Text of Glendening's State of State address

January 22, 1999

The text of Gov. Parris N. Glendening's State of the State address delivered to a joint session of the Maryland House and Senate yesterday:

Senate President Mike Miller; Speaker Cas Taylor; members of the General Assembly; Lt. Governor Kathleen Kennedy Townsend; Attorney General Joe Curran; Comptroller Bobby Swann; Comptroller-elect William Donald Schaefer; Treasurer Richard Dixon; Chief Judge Bob Bell; Secretary of State John Willis; my wife, Frances Anne, who, if I might be permitted the personal privilege, I happen to believe is one of the truly gracious and most beautiful First Ladies in the entire country; friends and fellow Marylanders:

You know for the first time in 40 years, the governor of Maryland begins the State of the State without also recognizing Louis L. Goldstein as comptroller. In fact, if you take into account the 16 years that Louis served here in the General Assembly, you come to the remarkable realization that Louis was in attendance for more than half the State of the State addresses of this century.

We miss you Louie. We miss his wisdom, his guidance and his compassion. But we're also grateful for the decades of public service that he gave to Maryland. And we are confident that Louis' commitment to sound fiscal management and compassionate government has taken strong roots here in Maryland. And that he will continue to guide our actions well into the century. I am also so very, very pleased that his daughter, Louisa, is here with us today. Louisa ...

Today marks the last State of the State address that will be delivered in Maryland this century. You have been chosen by your fellow citizens to be part of the leadership that will take Maryland into the 21st century. For me personally, and for most people everywhere, the onset of a new century is a source of pride and excitement and enthusiasm. It is an opportunity to reflect upon what we have accomplished together, and to look ahead to the unlimited opportunities and the significant challenges that we face.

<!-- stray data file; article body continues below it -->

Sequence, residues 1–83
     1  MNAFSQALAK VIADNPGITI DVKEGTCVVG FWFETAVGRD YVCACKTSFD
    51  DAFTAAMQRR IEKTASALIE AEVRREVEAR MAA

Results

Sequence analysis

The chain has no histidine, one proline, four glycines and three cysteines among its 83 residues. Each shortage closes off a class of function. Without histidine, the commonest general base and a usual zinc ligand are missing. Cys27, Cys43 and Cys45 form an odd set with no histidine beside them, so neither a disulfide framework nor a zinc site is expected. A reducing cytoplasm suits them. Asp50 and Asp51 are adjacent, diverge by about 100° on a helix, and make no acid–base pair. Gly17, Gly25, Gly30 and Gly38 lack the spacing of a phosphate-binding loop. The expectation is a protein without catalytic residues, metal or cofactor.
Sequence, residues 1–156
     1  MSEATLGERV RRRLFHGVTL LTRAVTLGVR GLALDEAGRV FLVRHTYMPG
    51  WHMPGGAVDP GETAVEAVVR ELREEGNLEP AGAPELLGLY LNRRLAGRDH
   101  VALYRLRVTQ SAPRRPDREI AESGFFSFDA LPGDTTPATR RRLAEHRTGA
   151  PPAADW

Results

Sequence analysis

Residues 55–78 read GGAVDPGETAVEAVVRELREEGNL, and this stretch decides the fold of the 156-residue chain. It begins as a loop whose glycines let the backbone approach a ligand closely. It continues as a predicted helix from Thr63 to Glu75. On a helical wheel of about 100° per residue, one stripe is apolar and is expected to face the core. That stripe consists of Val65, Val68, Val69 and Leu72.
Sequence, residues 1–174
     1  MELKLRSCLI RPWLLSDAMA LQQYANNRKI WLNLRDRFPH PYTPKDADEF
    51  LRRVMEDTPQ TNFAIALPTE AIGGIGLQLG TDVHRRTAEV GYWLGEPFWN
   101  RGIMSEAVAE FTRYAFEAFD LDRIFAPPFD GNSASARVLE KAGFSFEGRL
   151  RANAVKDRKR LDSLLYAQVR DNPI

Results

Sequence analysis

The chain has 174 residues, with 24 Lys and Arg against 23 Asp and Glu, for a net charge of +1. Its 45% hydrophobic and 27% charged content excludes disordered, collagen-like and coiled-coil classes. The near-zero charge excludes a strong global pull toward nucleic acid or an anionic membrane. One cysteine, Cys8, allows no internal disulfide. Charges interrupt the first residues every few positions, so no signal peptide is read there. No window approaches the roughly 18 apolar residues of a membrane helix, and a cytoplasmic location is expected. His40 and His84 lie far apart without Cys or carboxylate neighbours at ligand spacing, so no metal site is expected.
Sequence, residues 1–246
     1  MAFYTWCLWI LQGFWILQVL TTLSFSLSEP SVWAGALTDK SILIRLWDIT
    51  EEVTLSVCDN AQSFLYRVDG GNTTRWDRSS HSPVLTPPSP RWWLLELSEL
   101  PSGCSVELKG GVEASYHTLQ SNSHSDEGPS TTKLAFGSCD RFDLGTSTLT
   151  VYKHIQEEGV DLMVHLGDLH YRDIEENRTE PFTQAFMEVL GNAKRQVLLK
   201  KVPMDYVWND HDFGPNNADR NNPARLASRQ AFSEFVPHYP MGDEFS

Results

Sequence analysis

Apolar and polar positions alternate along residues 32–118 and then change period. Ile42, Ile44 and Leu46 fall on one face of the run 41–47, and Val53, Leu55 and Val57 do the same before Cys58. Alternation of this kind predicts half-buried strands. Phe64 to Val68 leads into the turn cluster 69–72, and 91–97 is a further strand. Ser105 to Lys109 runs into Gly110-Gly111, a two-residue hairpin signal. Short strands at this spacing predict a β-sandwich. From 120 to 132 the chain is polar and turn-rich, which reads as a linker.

By any measure, we have seen great progress in recent years. Investments in education and student achievement are up. We opened the doors of higher education for more Marylanders. Crime is down significantly. Our economy is the strongest in a decade. Income taxes were cut for the first time in 30 years. Welfare rolls have been reduced by more than one half. Our air and water quality are cleaner and better protected. And we reached out with care and compassion to those less fortunate.

Without a doubt, the State of the State is strong. We are safer. Our children are healthier. Our environment is better protected. And we are more prosperous than we have ever been before.

Thank you Mr. President and thank you Mr. Speaker and members of the legislature for your leadership and hard work in achieving these wonderful goals. And perhaps, most of all, thanks are due to the hard working men and women of Maryland, whose commitment to family and community and traditional Maryland values are the heart of our prosperity. Together we have done much, but, as I said yesterday in my inaugural address, we have only just begun.

As we noted yesterday, we enter the new century facing several major challenges: helping all our citizens reach their full potential in the knowledge-based economy of the future; reclaiming our environment for future generations to enjoy; and fostering a true sense of compassion, social justice, and equality within our society.

We have an exciting and aggressive agenda that will position Maryland to meet and master most of those challenges as we move into the 21st century. We will increase funding for worker training programs, sending a very clear signal that Maryland knows that high-tech, high-skilled jobs are a very important part of our future. We will build upon our Smart Growth anti-sprawl program, protecting farms, fields, rivers and streams, while reinvigorating established neighborhoods.

We will enact a civil rights bill that will strengthen Maryland's anti-discrimination protection for all Marylanders, including those discriminated against because of their choice of sexual partner. We will move forward with a patients' bill of rights that builds upon the patient protections that have already been enshrined in law. We will work to make sure that those with disabilities have the opportunity to meet their full potential. And we will begin the process of strengthening our anti-gun violence law so that we can pass a strong bill that better protects our children and saves lives.

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